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King of the Armadillos


King of the Armadillos

It is 1954. Victor Chin, a teenage Chinese immigrant who already has started over once in his life, is about to be forced to do so again. He has skin lesions and pain in his hands, and his father’s mistress Ruth has insisted that they see a Western doctor. When Hansen’s disease is the diagnosis, the family has little choice. Ruth points out, “If he gets the operation here, you’ll have to pay for it yourself. But Carville is run by the government, so everything there is free.” A government nurse escorts Victor on the train from his home in the Bronx to the Carville National Leprosarium, a federal institution in Louisiana for the treatment of Hansen’s disease, also known as leprosy.

"KING OF THE ARMADILLOS offers a window into a world I didn’t know existed, with relatable characters and a nuanced plot."

Carville is totally foreign to city boy Victor, with its southern architecture, its wide open lawns and trees, and its dorms. In the cab ride from the train station, he can smell the Mississippi River behind its levee. We follow him through his initial exams, performed by efficient, occasionally kind nuns. He is admitted to the infirmary immediately, and Dr. Behr soon performs an operation on the nerves in his forearms. Only when he recovers sufficiently from that is he assigned to his dorm --- a Chinese dorm --- where he meets Donny, a rich, handsome American-born kid whose only symptom is a limp.

As he settles into life at Carville, going to high school and making friends, Victor has to admit that he has some advantages here that he never would have had in New York. As the son of a laundry owner who lives in the back of his shop, money is always tight. For one thing, he has his own room. He also has the opportunity to nurture his musical side.

Piano lessons are prescribed to strengthen Victor’s hands after the operation, and he’s an avid and grateful student to Mrs. Thorne. He soon masters the basics and plays well enough to begin to feel the music. As time goes on, he finds a mentor who exposes him to jazz, and he enjoys playing with melodies: “He knew he was gaining control of what he wanted to say and how to say it in that wordless sea of sound, and as he lost himself like he always did when the music swept him away, he was finding something at the same time.” He plays for himself, but an added benefit is impressing his crush, Judy. The fact that she’s going with Donny doesn’t keep Victor from wanting her.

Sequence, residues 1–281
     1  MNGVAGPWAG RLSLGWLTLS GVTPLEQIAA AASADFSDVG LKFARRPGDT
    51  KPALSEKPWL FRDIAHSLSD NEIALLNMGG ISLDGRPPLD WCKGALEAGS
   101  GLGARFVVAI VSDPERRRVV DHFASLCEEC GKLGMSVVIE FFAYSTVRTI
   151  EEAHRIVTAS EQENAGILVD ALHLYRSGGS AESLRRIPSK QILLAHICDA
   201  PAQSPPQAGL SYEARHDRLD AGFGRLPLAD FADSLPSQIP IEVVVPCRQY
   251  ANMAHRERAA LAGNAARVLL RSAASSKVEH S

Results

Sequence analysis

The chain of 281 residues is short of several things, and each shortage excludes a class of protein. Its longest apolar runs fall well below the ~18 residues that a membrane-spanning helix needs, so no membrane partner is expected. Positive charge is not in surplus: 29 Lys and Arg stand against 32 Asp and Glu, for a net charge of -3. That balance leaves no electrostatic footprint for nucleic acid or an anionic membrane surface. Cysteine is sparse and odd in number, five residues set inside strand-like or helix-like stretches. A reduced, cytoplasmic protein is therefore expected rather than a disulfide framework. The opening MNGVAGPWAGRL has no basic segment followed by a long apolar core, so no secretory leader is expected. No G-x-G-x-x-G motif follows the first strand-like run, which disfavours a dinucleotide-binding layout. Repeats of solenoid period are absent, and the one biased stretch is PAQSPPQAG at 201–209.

When the reader is fully ensconced in Victor’s story, Wendy Chin-Tanner widens the lens to his family. Sam, Victor’s father who came to America at a young age, established a laundry and sent money back home to his wife and two sons until he could bring them back to America with him, leaving his wife to care for her mother-in-law as was customary. Henry, Victor’s older brother, scorns Ruth for her relationship with his father and is opposed to Victor going to Carville in the first place: “Believe me, they’d send you back [to China] if they could. But keeping you there is the next best thing. Just like they put Japanese people in those camps.” And Ruth is the Jewish secretary who fell in love with Sam, discounting the wife so far away in China.

KING OF THE ARMADILLOS offers a window into a world I didn’t know existed, with relatable characters and a nuanced plot. Tanner-Chin is a poet, and we feel that in her prose: “Fatigue weighed him down like a rain-soaked blanket.” The foreword to the novel informs us that much of the story is based on her father’s experience at Carville, which shows in her deft sympathy for the characters. As readers, we feel that sympathy as well, and it makes for an engrossing, enjoyable read.

Reviewed by Eileen Zimmerman Nicol on August 25, 2023

King of the Armadillos
by Wendy Chin-Tanner

  • Publication Date: July 25, 2023
  • Genres: Fiction, Historical Fiction
  • Hardcover: 336 pages
  • Publisher: Flatiron Books
  • ISBN-10: 1250843006
  • ISBN-13: 9781250843005